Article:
# Segment Addition Postulate: Definition & Examples Video

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Lesson Transcript
Instructor: Karin Gonzalez

Karin has taught middle and high school Health and has a master's degree in social work.

In this lesson, we will review the definition of the segment addition postulate. We will also look at examples to clearly illustrate how this concept works in the real-world.

The segment addition postulate states that if we are given two points on a line segment, A and C, a third point B lies on the line segment AC if and only if the distances between the points meet the requirements of the equation AB + BC = AC. See Diagram 1 to gain a clearer understanding of this postulate definition.

Remember that a line segment is part of a line bound by two clear end points. It is comprised of a bunch of points between those two end points.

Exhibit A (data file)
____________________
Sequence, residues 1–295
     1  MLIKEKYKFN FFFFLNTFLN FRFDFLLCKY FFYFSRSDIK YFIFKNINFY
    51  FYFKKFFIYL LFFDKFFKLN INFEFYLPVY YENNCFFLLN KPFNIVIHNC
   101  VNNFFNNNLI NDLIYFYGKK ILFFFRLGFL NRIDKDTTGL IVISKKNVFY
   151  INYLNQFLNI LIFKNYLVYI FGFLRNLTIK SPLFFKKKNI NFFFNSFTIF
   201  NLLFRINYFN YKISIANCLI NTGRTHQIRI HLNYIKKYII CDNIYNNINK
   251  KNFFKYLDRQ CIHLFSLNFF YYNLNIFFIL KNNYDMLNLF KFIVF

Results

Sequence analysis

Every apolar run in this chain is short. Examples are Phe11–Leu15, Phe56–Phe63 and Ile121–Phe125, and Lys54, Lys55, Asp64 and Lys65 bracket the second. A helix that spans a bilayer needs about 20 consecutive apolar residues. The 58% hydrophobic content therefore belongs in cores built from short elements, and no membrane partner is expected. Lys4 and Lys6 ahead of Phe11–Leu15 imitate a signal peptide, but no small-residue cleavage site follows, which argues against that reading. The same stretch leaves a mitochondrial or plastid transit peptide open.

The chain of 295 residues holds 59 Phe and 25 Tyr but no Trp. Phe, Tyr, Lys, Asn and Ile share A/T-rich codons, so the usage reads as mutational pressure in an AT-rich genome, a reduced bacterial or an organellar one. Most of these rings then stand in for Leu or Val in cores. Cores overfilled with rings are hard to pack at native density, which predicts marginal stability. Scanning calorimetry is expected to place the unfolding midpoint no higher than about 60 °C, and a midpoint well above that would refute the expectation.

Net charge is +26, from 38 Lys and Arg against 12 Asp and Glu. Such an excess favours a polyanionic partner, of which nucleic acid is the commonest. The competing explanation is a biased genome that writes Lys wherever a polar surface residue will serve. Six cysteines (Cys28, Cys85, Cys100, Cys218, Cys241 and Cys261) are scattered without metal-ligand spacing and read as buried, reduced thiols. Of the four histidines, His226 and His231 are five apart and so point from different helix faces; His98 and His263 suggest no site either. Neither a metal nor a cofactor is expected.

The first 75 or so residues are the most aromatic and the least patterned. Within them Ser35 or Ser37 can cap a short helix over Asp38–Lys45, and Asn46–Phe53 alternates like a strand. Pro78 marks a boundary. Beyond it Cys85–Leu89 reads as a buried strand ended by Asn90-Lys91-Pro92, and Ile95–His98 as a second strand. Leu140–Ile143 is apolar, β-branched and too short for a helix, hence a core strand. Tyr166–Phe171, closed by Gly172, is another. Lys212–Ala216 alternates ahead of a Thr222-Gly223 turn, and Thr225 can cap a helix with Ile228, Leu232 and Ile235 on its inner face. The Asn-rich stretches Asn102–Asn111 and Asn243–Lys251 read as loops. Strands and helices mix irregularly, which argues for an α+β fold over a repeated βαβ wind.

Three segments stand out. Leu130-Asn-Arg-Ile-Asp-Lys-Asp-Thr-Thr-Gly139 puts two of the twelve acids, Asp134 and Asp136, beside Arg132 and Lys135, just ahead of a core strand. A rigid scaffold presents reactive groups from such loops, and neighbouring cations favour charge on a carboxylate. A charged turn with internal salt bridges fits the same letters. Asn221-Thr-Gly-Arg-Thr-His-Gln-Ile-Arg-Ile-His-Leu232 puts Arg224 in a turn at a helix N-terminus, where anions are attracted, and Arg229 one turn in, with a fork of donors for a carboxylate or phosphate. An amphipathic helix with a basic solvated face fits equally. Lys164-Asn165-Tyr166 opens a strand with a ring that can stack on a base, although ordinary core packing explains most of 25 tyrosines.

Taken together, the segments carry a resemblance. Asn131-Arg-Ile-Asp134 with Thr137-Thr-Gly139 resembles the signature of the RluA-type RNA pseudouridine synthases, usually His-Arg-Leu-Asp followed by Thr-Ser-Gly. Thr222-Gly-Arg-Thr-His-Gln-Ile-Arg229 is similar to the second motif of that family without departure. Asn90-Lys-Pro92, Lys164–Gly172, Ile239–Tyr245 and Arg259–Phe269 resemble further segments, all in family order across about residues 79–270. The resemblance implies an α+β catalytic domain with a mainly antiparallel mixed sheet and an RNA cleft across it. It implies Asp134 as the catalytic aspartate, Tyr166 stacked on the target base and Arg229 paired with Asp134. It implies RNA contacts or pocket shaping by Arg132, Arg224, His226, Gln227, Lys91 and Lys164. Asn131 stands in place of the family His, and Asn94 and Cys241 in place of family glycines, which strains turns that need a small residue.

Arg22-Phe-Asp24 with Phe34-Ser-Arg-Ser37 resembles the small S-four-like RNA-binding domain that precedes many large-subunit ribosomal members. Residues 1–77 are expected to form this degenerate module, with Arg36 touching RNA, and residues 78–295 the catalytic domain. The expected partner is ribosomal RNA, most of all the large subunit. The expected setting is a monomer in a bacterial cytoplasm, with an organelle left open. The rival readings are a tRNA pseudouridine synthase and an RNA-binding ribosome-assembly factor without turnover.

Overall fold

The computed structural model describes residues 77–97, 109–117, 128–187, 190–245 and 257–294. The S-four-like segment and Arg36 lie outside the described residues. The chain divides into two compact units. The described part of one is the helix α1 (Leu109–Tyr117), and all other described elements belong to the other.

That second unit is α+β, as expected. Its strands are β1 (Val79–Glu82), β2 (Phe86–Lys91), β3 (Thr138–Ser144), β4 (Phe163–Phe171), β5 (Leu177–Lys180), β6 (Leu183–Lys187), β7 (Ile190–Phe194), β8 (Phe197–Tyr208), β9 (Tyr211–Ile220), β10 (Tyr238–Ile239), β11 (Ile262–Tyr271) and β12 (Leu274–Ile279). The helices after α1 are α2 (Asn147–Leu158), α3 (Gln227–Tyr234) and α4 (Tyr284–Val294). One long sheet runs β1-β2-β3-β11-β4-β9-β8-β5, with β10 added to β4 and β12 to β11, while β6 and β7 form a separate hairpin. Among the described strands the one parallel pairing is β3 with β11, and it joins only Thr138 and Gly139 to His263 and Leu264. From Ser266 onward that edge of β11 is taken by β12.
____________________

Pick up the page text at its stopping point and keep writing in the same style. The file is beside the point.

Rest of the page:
An easier way of stating the segment addition postulate is that if point B lies on line segment AC, then AB + BC will equal AC. That seems pretty simple, does it not?

## Examples

Let's take a look at some different examples.

Example 1:

Let us look at a line segment on our body: our leg! Our leg has an endpoint A, the top of your thigh, and endpoint C, your ankle. Imagine the length of your entire leg (from endpoint A to C) measures 25 inches and the length from point B, your knee, to endpoint C is 12 inches. According to the segment addition postulate, what would be the length of Endpoint A to point B?

AB (unknown) + BC (12) = AC (25)

AB = 25 - 12

AB = 13 inches

Example 2:

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